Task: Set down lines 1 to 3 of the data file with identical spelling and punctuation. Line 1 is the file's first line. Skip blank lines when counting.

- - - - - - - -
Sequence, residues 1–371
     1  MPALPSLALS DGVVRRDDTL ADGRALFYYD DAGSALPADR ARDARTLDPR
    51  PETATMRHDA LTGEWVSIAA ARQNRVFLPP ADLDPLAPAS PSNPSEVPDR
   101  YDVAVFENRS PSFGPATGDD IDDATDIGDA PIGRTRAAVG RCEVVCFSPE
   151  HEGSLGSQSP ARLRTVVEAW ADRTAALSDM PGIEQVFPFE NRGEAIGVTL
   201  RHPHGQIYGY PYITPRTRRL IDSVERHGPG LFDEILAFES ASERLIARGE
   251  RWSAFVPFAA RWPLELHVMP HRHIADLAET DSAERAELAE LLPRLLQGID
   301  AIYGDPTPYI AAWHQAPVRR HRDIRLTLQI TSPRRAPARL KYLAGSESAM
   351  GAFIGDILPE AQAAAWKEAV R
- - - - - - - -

Sequence, residues 1–371
     1  MPALPSLALS DGVVRRDDTL ADGRALFYYD DAGSALPADR ARDARTLDPR
    51  PETATMRHDA LTGEWVSIAA ARQNRVFLPP ADLDPLAPAS PSNPSEVPDR